- Mallinckrodt is leaving the pharmaceutical industry's largest trade group ahead of membership requirement changes that might have led to the drugmaker's ousting.
- The big medicines developer decided on Monday to exit PhRMA, The Wall Street Journal's Joseph Walker first reported. The departure foreshadowed proposed reforms to the trade group's bylaws that could take effect as early as next month and would require members to double down on research, according to a source familiar with the matter cited by The Journal.
- Such a reform would fall in line with recent work PhRMA has done to improve the industry's image. In February, it rolled out the Go Boldly campaign, which showcases drugmakers' focus on R&D rather than pricing and which the group plans to spend at least $20 million on each year.
A PhRMA spokesperson confirmed Mallinckrodt's exit to BioPharma Dive, adding in a statement, "[t]he review of our membership criteria is still ongoing and we will have something to share on this in early May."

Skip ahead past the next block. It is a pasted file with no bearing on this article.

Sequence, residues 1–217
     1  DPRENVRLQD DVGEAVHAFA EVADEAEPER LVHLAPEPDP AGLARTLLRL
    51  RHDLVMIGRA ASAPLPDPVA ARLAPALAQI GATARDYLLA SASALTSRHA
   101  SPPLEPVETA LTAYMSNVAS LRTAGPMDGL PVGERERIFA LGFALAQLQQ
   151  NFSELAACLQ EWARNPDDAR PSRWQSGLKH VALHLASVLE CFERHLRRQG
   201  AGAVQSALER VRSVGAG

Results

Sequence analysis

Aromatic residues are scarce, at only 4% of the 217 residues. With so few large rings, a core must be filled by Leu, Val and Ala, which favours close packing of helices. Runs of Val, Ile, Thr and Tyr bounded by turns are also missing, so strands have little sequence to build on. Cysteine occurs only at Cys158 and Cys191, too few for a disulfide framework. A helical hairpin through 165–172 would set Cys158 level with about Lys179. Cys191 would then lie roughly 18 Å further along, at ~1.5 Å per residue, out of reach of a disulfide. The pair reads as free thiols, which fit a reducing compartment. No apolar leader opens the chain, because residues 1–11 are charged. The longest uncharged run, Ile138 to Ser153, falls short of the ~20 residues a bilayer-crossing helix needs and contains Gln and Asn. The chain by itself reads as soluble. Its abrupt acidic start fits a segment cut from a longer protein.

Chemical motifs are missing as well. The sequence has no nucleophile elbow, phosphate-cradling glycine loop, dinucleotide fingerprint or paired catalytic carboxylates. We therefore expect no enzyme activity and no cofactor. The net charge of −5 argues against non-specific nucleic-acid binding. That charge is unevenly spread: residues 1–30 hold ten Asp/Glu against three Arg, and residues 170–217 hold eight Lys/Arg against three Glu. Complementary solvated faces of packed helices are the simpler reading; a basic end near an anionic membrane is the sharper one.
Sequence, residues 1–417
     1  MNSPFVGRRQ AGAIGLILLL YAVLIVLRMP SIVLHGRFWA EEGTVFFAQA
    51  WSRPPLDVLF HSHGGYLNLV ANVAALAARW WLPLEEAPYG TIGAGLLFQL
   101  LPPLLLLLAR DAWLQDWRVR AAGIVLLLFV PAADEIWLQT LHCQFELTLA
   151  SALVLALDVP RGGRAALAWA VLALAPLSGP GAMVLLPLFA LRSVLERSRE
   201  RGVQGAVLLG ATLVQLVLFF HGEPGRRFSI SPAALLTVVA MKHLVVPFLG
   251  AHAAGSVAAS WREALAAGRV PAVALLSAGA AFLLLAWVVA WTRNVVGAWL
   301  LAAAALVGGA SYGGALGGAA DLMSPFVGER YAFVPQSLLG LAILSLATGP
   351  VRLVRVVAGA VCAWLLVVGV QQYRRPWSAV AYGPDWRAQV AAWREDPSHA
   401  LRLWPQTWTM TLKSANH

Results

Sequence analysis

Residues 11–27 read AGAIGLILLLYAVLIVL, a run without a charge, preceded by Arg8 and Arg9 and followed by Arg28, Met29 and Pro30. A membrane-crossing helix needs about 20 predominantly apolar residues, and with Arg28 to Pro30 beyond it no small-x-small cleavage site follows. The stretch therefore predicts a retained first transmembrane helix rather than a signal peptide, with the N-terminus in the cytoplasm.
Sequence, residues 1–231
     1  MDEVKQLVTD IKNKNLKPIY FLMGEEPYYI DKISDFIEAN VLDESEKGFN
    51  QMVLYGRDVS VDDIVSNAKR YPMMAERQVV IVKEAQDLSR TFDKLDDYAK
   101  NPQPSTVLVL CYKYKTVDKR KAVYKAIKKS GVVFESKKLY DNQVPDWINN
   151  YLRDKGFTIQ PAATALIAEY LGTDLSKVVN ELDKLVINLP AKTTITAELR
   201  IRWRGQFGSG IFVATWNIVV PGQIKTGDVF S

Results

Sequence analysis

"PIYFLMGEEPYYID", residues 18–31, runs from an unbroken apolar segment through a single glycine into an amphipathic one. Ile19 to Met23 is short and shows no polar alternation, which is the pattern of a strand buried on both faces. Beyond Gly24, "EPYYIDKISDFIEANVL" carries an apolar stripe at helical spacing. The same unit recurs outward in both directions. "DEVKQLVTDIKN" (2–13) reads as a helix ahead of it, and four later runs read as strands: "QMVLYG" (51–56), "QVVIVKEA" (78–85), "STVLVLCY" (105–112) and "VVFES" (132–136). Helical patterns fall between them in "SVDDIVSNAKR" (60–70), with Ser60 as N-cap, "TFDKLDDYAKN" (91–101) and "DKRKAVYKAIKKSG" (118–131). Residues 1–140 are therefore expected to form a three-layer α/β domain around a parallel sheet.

Though it's unclear what specific research requirements would take hold under the revised membership rules, Mallinckrodt's choice to strike first indicates the company wasn't particularly confident that it would meet them. The big pharma reported $3.38 billion in net sales and $262 million in R&D spending in its latest 10-K filing with the Securities and Exchange Commission.
Mallickrodt did not return request for comment.
“Mallinckrodt routinely evaluates its engagement in trade associations and policy organizations and has concluded that the significant financial and time commitment required as a full PhRMA member outweighs its direct policy value to us at this time,” the company said in a statement to The Wall Street Journal.
PhRMA's scrutiny of controversial members could have also prompted Mallinckrodt's departure. The trade group is currently evaluating Marathon Pharmaceuticals' membership after the drugmaker decided to price its Duchenne muscular dystrophy medication Emflaza (deflazacort) at 89,000 a year — opening the flood gates to Congressional and consumer backlash.
Mallinckrodt would also fit the bill of a controversial member, especially recently. Earlier this week, the company forked over $35 million to settle federal investigations into suspicious orders and manufacturing concerns related to its painkillers, although Mallinckrodt admitted no wrongdoing in the case. And the specialty pharma has come under scrutiny for its drug Acthar gel.